The Saturday Visit

Apr 18, 2017 | Patient Stories & Support | 0 comments

We ensure that the office is manned every Saturday morning so that people who are at work during the week, and are unable to use the telephone at work are able to contact us at the weekend.
And last weekend a lady who lives in south Wales asked if she could come in to the office to have a face to face chat. So, at 10:30 last Saturday the kettle was boiled, the tea made and the lady arrived on time with her husband and two young children.

I shall call her Avril (see what I’ve done – it’s April you see). Avril is in her late 20’s and was diagnosed at the age of 15. Her mother has also been diagnosed as has her sister. She works as a hairdresser from home as she is not well enough to work for anyone else as she has severe digestion problems, is tired all the time, lacks concentration and also has memory problems. Her youngest child is 4. When she was pregnant with her youngest her doctor ordered a blood test and was horrified to find that her B12 level was “over 1,000” and her injections were stopped.

Last week, being so ill that she was unable to work, look after her children and felt absolutely awful she paid another visit to her doctor’s surgery begging that her B12 injection be reinstated. The doctor dismissed her requests saying that because her records were now computerised he was unable to access her past medical history prior to 2010. Therefore, there was no way he could verify that she had a diagnosis of Pernicious Anaemia but agreed to test her serum B12 to determine her B12 Status.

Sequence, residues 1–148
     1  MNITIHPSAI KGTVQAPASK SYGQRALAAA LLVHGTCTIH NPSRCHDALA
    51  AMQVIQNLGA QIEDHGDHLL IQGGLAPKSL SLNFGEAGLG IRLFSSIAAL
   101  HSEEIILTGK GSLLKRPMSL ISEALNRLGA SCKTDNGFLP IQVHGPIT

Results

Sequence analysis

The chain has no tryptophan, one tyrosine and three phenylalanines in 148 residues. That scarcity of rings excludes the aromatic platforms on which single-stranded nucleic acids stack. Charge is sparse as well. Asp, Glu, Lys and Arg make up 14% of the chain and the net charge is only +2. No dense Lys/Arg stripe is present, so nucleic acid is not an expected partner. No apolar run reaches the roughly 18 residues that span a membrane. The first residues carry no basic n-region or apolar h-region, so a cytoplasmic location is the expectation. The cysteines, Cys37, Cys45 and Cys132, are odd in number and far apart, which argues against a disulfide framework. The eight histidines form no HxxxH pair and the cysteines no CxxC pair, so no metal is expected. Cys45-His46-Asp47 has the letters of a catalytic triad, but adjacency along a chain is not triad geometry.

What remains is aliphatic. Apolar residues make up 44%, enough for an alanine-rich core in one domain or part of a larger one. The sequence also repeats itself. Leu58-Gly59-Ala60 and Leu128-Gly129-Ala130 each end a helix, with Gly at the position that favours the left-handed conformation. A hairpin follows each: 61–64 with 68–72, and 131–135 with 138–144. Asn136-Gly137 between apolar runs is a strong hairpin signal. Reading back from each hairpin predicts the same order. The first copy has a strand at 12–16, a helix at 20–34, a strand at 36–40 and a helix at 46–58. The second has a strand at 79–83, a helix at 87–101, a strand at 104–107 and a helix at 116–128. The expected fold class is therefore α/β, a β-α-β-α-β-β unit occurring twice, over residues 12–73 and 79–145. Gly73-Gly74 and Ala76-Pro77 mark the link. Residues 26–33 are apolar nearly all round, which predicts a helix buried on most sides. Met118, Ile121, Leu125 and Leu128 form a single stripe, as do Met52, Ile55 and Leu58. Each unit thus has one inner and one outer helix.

So distraught was she that on her way out of the surgery she was almost in tears when she met the nurse who used to administer her injections. The nurse was horrified that her injections had been stopped and told Avril to contact the PA Society as a matter of urgency. And that’s why she arrived at the office on Saturday morning.

If ever I need to be reminded of the need to keep on volunteering with the society and striving to bring about change I need only to remember the plight of Avril that morning. Her physical appearance shouted, no, screamed vitamin B12 Deficiency. Her inability to find the right words to express herself and the way in which she had lost hope not only in modern medicine but in the humanity of doctors was pitiful. She had all of the symptoms listed on our checklist but to a degree that I have not seen before, including numbness and pins and needles in her feet and hands.
Thankfully her family, especially her husband, are fully supportive but, like her, didn’t know what to do.
I wrote a letter to the Practice Manager of her health centre and printed off a copy of the Update for Medical Professionals that Avril was going to give to her doctor.

And now the story gets sadder. Just as she was about to leave, feeling a little bit more positive after our chat, her telephone rang. It was her mother who told her that yesterday her doctor told her that her B12 was too high and her injections had been stopped.
I can still hear her exasperated sigh as her husband did his best to comfort her.